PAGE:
Saturday, January 21, 2023

'Everything Everywhere All at Once' — part 2 of diversity in awards show winners for the week of MLK Day

For part 2 of diversity in awards show winners for MLK Day, I'm writing about the categories "Everything Everywhere All at Once" won at the Golden Globes and Critics' Choice Awards to continue my celebration of diversity in entertainment.

First, "Everything Everywhere All at Once" won Best Picture at the Critics' Choice Awards, beating both of the Golden Globes winners, "The Fabelmans" for Drama and "The Banshees of Inisherin" for Comedy. This sets up a three-way contest for Best Picture at the Academy Awards. While I'm not optimistic about its chances, I'm rooting for "Everything Everywhere All at Once." It seems to be the best received speculative fiction film among entertainment professionals, both critics and creatives with two Golden Globes and five Critics' Choice Awards. "Avatar: The Way of Water" is the main alternative with one Critics' Choice Award for Best Special Effects, two Golden Globes nominations and six Critics' Choice Awards nominations. It's very successful at the box office, in second in the U.S. behind only "Top Gun: Maverick" among films released in 2022 and number one so far during 2023. Blockbusters like that don't win Best Picture, even if they're audience favorites.

Before I move on, my prediction that "'Nope' won't do as well at next year's Academy Awards and WorldCon" as "Dune" still looks good. Despite its win at the Saturn Awards and nominations at the People's Choice Awards, it earned no nominations at either the Golden Globes or Critics' Choice Awards. Its IMDB page lists only three guild nominations for production design, costume design, and hair and makeup. I think it would be lucky to be nominated for one of those at the Oscars.

For the next award, watch as Michelle Yeoh wins Best Actress in a Motion Picture – Musical or Comedy at the Golden Globes from NBC.

Michelle Yeoh accepts the award for Best Actress in a Musical or Comedy Motion Picture for Everything Everywhere All At Once.
I'm glad Yeoh got the opportunity to finish her acceptance speech, although I'm sure her telling the piano player "Shut up, please. I can can beat you up, O.K., and that's serious" helped. She wasn't kidding. As I wrote last month, "I was even more impressed to watch her do her own stunts in a fight scene. I don't care if its for show; I would not ever want to get in a fight with her, even if I'm twice her size!"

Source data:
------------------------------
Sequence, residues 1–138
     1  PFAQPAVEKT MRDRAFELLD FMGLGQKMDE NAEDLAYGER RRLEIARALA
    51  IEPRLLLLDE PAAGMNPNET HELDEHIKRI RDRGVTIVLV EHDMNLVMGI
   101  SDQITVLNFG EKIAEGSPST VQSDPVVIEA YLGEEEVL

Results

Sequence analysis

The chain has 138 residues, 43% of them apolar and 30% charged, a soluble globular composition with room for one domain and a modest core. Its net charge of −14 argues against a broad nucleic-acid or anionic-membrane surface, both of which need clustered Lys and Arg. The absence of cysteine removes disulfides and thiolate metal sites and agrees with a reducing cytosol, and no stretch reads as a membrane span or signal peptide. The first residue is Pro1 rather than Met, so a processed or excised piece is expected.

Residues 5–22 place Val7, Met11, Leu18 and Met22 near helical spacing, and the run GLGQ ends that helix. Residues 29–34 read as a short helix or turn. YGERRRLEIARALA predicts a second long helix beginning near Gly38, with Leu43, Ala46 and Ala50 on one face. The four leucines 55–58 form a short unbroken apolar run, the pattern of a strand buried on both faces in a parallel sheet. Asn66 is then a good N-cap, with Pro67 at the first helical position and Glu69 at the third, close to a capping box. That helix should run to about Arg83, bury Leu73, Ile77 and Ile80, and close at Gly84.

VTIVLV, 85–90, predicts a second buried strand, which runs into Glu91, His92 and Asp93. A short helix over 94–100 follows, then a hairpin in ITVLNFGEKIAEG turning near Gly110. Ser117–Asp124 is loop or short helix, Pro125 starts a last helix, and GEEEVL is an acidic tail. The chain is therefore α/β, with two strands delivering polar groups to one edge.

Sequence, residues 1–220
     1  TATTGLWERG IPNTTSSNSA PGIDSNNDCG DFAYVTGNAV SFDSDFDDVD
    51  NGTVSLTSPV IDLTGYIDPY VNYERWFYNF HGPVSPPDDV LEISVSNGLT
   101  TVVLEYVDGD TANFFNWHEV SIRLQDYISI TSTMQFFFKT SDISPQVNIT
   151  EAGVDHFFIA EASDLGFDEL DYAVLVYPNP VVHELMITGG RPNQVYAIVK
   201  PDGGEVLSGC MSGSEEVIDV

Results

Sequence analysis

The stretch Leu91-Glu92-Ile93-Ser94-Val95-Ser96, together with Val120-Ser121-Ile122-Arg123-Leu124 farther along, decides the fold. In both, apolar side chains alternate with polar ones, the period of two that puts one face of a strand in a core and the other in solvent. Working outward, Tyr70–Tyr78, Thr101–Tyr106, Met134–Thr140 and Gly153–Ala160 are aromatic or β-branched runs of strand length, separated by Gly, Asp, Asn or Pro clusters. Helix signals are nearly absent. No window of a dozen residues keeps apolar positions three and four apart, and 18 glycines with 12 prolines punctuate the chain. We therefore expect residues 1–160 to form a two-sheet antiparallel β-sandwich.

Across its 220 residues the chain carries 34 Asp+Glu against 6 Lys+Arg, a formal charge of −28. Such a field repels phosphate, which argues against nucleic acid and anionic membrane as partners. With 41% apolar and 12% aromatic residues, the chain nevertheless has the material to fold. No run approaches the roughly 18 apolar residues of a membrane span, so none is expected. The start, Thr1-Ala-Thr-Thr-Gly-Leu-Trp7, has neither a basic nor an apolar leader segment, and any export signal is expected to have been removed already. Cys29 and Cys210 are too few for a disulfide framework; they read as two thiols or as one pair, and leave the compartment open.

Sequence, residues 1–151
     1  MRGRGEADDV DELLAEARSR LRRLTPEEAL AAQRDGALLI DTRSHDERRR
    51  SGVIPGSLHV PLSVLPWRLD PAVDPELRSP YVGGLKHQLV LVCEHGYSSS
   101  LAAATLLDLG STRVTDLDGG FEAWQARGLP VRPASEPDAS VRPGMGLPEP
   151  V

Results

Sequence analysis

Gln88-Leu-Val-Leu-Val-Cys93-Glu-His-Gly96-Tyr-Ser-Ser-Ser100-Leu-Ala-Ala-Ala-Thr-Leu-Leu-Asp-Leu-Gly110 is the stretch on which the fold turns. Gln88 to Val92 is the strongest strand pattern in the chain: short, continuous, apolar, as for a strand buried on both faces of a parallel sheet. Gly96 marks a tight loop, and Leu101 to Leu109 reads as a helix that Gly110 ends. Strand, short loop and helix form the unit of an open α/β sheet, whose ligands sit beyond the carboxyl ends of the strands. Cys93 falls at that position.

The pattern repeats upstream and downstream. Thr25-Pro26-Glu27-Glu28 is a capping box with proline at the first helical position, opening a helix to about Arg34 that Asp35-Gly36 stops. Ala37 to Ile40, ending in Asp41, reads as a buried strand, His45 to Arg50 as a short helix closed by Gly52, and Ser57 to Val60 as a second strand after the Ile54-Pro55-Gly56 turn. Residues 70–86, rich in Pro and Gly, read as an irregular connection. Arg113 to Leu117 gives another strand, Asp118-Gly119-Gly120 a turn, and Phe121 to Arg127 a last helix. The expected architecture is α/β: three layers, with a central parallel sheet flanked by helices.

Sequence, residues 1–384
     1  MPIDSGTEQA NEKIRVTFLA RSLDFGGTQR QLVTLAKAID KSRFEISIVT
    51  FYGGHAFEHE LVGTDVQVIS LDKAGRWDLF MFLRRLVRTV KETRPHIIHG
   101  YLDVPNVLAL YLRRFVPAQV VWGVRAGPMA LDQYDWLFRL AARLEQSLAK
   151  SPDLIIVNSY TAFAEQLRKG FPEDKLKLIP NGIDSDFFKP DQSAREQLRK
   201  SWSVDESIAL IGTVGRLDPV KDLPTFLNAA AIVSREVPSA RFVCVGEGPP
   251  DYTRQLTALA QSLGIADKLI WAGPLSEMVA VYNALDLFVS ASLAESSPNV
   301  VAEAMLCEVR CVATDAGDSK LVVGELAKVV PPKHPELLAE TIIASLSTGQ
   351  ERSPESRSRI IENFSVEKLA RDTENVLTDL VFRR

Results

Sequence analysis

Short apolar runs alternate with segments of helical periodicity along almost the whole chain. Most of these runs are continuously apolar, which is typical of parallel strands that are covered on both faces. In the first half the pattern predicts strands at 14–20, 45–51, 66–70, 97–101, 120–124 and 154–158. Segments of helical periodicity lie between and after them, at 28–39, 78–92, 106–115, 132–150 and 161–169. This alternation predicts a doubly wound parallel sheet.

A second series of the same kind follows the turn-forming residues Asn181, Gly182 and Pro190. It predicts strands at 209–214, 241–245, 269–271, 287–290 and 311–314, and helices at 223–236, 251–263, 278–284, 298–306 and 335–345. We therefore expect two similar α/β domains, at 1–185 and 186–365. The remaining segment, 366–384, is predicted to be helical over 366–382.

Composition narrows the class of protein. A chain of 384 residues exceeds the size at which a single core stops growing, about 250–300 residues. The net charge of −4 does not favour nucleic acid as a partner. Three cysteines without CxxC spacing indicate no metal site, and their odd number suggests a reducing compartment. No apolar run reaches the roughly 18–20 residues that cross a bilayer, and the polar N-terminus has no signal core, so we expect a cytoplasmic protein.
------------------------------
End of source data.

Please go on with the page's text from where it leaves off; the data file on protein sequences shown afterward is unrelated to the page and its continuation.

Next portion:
Next, watch as Ke Huy Quan Wins Best Supporting Actor in a Motion Picture at the Golden Globes from NBC.

Ke Huy Quan accepts the award for Best Supporting Actor in a Motion Picture for Everything Everywhere All At Once.
That was just as heartfelt and inspiring speech about overcoming career obstacles as Yeoh's and I'm glad I watched it. He got to make another acceptance speech at the Critics' Choice Awards, as he won Best Supporting Actor there, too.

I'm very optimistic about his chances at the Oscars, as he has also won the equivalent Saturn Award, and has nominations at the BAFTA and SAG Awards. Those are important precursor awards before the Academy Awards.

Follow over the jump for the categories won by people behind the camera at the Critics' Choice Awards for "Everything Everywhere All at Once."

The Daniels (Dan Kwan and Daniel Scheinert) won Best Director at the Critics' Choice Awards. This sets up a running contest with Steven Spielberg, who won the Golden Globe for Best Director. Both of them, along with Todd Field for "Tár," Joseph Kosinski for "Top Gun: Maverick," and Martin McDonagh for "The Banshees of Inisherin," earned nominations for Outstanding Directorial Achievement in Theatrical Feature Film at the Directors Guild of America Awards. I expect that field will repeat at the Academy Awards with the possible substitution of James Cameron for "Avatar: The Way of Water."

The final category won by "Everything Everywhere All at Once" at the Critics' Choice Awards was for Best Editing. It's also nominated for Best Editing at the BAFTA Awards, where its competition is "All Quiet on the Western Front," "Elvis," "The Banshees of Inisherin," and "Top Gun: Maverick." The last beat "Everything Everywhere All at Once" at the Saturn Awards, but I'm not sure that means much at the BAFTAs or at the Oscars. Both are competing against a different field and being voted on by a very different electorate. Remember, electorates matter.

I close by congratulating the winners and wishing them and their fellow nominees good luck at upcoming awards shows. I'll get to the other diverse winners and nominees at awards shows presently. In the meantime, stay tuned for a celebration of Lunar New Year.

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